Research @ Queen’s: Engineering environmental solutions

Research @ Queen’s: Engineering environmental solutions

Leachate, liners, landfills, and learning – how Queen’s researcher Kerry Rowe is working with, instead of against, nature to solve an environmental problem.

By Tim Lougheed

December 4, 2019


Kerry Rowe, Canada Research Chair in Geotechnical and Geoenvironmental Engineering and professor in the Department of Civil Engineering, researches landfill management and is developing techniques that work with nature rather than fighting nature. (Photo by Bernard Clark / University Communications)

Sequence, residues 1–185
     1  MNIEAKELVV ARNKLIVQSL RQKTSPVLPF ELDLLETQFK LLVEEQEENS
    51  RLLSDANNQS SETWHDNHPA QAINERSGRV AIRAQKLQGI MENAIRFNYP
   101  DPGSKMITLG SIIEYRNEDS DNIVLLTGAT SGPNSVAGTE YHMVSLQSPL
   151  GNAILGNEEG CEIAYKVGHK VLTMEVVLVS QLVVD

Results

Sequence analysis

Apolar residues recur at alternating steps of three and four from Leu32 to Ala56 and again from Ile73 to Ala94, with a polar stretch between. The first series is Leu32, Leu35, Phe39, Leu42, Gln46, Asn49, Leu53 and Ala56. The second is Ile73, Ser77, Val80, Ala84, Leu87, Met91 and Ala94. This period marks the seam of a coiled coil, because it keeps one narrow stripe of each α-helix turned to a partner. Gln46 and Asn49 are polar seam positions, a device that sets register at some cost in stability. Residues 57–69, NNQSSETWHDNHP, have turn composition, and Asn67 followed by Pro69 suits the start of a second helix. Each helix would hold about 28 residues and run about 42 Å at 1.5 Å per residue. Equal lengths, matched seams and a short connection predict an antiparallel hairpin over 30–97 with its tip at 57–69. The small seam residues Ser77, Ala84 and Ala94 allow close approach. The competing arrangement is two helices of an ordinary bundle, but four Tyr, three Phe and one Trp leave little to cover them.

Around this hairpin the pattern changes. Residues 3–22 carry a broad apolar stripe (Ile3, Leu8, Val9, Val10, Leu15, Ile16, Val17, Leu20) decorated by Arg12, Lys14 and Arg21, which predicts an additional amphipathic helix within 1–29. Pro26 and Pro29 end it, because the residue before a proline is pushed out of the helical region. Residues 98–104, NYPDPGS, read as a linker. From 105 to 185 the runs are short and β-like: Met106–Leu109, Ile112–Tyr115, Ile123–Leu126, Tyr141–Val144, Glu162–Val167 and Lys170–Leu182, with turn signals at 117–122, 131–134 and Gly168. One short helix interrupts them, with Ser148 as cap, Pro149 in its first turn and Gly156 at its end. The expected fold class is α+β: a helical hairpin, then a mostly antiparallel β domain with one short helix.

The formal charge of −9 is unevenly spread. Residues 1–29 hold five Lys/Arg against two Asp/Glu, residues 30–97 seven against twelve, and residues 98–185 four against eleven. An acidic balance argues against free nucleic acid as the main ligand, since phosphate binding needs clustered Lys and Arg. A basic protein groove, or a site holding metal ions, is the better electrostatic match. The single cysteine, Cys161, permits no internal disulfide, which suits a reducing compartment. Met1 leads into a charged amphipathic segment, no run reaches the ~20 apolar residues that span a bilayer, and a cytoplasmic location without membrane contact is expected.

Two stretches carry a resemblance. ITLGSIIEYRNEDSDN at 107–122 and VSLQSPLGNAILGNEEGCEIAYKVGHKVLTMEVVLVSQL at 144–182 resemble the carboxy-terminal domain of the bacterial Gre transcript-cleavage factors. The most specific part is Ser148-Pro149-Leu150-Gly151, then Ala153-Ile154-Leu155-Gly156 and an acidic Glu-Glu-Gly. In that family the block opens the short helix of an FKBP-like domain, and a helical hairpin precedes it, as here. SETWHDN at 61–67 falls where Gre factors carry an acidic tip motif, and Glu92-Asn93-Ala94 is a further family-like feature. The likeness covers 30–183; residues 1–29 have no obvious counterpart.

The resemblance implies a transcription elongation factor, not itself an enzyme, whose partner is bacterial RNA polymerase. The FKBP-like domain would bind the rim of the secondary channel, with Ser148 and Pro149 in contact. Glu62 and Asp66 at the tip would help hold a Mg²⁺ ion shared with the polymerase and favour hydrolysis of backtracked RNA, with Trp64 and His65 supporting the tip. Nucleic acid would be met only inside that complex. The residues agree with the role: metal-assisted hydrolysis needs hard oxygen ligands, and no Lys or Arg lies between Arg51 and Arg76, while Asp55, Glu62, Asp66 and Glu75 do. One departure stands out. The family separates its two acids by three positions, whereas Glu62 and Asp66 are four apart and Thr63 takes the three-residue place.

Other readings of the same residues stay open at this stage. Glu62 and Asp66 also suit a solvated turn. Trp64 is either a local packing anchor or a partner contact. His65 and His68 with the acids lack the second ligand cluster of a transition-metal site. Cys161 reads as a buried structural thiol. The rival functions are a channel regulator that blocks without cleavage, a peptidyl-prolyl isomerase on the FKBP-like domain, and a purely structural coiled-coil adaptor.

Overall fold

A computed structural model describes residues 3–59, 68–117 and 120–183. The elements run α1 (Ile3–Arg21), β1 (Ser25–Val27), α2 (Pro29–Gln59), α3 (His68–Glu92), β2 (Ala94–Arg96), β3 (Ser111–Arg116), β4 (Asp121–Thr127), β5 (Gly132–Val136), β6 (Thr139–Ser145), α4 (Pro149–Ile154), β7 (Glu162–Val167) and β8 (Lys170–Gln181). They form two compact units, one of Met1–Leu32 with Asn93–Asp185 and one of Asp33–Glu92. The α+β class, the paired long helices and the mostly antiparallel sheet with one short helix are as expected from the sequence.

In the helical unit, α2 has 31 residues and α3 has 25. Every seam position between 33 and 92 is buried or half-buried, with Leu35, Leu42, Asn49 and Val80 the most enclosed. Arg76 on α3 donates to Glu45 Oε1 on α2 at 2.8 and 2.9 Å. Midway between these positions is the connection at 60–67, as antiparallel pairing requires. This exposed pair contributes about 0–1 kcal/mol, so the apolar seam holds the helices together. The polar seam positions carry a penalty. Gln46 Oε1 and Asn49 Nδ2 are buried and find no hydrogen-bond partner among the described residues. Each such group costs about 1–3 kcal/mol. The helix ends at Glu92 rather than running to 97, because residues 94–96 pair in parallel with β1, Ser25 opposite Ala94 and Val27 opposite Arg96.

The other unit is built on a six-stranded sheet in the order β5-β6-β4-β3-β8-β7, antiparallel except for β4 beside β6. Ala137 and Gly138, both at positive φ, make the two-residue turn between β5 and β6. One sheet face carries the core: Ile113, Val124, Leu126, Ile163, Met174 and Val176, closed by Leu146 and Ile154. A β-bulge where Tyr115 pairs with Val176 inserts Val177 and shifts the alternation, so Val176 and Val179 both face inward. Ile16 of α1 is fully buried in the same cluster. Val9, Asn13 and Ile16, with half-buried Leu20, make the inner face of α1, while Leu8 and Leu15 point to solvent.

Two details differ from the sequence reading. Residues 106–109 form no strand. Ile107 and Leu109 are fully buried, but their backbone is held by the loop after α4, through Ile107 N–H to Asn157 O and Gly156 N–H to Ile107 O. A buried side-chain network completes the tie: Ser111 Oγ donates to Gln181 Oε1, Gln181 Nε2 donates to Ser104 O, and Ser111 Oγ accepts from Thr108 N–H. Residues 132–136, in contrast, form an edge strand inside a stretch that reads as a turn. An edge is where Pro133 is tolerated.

“Part of what we’ve been doing is developing techniques [for landfills] that work with nature rather than fighting nature, and trying to make nature work for us instead of against us.” Kerry Rowe

Did you know that the university recently launched a new central website for Queen’s research? From in-depth features to the latest information on the university’s researchers, the site is a destination showcasing the impact of Queen’s research. Discover Research at Queen’s.

Human beings have undoubtedly been throwing things away for as long as we have had things to throw. These ancient middens – the predecessors of our modern landfills – provide a treasure trove of artefacts for archaeologists, who sift through discarded items for clues to how people once lived.

Today’s dumpsites may well offer up similar insights to future investigators, but they are already revealing a great deal about how our environmental sensibilities have evolved over the last 60 or 70 years.

Continue the story on the Research at Queen’s website.

Smith Engineering